As to printing more money, the US is doing it – and now Europe too. Greece is right now the sick man of Europe. They lived beyond their means in the last several years and now have to pay – or actually, the stronger Euro zone countries have to pay. Portugal, Italy, Ireland, Greece and Spain (PIIGS) are the countries in trouble. Smug Europe is now looking distinctly alarmed. There is an additional complication due to the Euro – they are all now inextricably linked and they will go down together!
The slowing down of China has another implication on the US as well – the Chinese used to reinvest all their surplus export revenues back in to US treasury bills to fund the US budget deficit. Which again could be hit now.
India is in a reasonably better position. The economic growth is still in the region of 6% plus – and we are again projecting 7 to 8%. Our economy was insulated (due to sheer luck and the RBI) from the world and hence did not collapse in 2008 as much as others did, except the stock market which was dependent on foreign money. RBI is talking of raising interest rates again (slowly) – it's a good thing they still want to follow a counter-cyclical policy. Our population is very young and we do not have government social security obligations to increase government spends – on the other hand we do have corrupt politicians and wasteful spending… We are as usual, muddling through.
So where does that leave us? Opinions are divided right now. There is one camp (this is primarily the establishment) that desperately wants things not to collapse and are talking positive. Even they, however, feel that there will be a lot of volatility in the next few months/near future/few years. I am sure several of them are not sure themselves of what will happen but are not saying so. There is another group, consisting of people outside the establishment and some famous hedge fund managers, who are warning that another collapse is imminent. Which one do we think will happen?
It's difficult to say at this point – we'll have to cross our fingers and watch. The Euro according to me is not going to survive in the long run – any currency to survive needs the support of monetary and fiscal policies that impact the local economy concerned – and hence it is likely to succeed only when one government is calling the shots. The Euro was doomed to failure right from the start since no one government controls its fate and each of the countries has its own domestic compulsions. The US is now at near-zero interest rates and running the printing presses overtime. Asset prices have again gone up all over the world including stock markets. In India, prices of real estate has gone up 15-20 percent in the last six months without any underlying increase in demand.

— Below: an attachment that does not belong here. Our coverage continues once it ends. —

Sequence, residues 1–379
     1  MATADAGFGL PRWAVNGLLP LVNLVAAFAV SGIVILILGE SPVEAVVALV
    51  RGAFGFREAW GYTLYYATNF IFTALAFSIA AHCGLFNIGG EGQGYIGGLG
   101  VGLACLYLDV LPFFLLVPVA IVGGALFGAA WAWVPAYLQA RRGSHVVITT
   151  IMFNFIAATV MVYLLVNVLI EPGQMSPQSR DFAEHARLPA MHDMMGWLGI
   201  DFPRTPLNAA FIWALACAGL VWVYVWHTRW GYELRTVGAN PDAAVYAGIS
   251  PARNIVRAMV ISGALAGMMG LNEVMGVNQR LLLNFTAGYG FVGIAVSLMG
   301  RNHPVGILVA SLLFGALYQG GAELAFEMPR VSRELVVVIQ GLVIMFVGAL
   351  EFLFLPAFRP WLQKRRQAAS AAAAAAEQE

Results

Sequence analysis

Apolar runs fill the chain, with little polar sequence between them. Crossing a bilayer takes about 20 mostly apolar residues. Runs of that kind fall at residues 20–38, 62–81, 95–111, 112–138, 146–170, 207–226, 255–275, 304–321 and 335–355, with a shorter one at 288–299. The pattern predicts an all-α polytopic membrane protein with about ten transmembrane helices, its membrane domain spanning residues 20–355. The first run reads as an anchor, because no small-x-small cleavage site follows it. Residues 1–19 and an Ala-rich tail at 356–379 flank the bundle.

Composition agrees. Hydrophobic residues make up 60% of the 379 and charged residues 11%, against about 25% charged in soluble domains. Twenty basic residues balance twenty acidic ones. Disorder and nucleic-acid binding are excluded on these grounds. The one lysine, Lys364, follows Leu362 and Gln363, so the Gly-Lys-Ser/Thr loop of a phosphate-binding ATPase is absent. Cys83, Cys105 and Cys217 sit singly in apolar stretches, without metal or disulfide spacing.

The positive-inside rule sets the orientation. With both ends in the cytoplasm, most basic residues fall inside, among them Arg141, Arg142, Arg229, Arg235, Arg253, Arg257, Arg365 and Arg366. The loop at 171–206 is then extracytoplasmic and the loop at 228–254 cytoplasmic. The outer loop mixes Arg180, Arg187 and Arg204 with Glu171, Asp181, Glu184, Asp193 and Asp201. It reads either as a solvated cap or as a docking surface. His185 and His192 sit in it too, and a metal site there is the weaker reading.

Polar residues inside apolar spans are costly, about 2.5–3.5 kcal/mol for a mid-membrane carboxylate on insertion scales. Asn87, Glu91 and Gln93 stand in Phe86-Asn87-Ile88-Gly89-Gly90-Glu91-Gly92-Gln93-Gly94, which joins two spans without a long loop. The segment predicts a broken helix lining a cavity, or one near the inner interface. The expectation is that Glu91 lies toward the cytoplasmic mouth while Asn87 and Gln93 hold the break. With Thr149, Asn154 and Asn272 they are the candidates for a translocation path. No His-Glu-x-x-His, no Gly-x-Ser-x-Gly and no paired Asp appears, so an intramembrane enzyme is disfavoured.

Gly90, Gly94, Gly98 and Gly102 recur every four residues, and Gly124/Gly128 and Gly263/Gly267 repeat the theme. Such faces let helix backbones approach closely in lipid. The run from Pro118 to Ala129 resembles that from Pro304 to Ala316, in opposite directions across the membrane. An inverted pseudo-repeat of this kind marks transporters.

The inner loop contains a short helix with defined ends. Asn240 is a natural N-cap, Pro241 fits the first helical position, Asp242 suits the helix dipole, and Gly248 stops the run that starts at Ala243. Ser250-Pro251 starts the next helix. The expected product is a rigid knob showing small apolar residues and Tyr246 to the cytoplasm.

It is very likely that in the near future there will be a lot of volatility and all markets are going to swing wildly. There is a possible collapse waiting in the wings. The Indian Economy is not insulated from the rest of the world and will suffer the uncertainty in consequence as well. However, the swings here are likely to be muted compared to the rest of the world since we have some compensating dampeners like a conservative central bank following counter-cyclical policies.
As an aside, when it comes to your personal investment strategies it would be wise to invest some part of your portfolio on gold. When things go well, gold does fine though not spectacularly. If things go badly other things will crash and gold will still do fine, meaning it will do spectacularly. If you are invested in the stock market, keep a watch for signs of impending collapse (very difficult since there is high volatility) and pull your money out before the big collapse comes.